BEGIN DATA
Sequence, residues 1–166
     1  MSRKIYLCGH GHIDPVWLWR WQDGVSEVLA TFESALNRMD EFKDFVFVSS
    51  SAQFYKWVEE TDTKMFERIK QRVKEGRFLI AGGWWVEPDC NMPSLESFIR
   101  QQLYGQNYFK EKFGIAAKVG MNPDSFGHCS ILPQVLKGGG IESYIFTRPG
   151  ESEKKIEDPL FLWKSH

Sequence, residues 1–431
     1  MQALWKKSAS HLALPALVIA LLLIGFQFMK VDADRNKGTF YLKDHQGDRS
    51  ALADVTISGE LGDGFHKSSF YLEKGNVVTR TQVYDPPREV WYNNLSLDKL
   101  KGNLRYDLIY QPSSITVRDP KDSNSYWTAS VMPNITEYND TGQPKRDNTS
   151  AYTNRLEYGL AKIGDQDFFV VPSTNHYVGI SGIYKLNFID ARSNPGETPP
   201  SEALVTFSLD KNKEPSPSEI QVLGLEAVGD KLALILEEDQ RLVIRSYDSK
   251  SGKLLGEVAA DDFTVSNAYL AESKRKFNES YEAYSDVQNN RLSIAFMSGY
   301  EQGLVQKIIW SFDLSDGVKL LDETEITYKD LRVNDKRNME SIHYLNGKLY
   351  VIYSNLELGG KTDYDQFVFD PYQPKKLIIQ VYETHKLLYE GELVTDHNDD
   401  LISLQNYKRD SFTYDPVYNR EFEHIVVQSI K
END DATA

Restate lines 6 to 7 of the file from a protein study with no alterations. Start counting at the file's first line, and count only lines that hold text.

Sequence, residues 1–431
     1  MQALWKKSAS HLALPALVIA LLLIGFQFMK VDADRNKGTF YLKDHQGDRS